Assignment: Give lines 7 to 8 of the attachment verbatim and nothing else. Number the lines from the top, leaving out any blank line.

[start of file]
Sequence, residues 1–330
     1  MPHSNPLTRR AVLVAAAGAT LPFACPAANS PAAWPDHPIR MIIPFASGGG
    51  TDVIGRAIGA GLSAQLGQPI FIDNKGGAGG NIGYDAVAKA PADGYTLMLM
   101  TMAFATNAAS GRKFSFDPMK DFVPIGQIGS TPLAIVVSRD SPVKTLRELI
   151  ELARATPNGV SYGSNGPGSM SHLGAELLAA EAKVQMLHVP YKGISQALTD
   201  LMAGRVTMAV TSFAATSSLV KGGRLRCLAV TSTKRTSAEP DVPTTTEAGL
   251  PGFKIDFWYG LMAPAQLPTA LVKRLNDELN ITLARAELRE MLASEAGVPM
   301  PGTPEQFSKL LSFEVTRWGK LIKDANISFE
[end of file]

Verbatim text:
   251  PGFKIDFWYG LMAPAQLPTA LVKRLNDELN ITLARAELRE MLASEAGVPM
   301  PGTPEQFSKL LSFEVTRWGK LIKDANISFE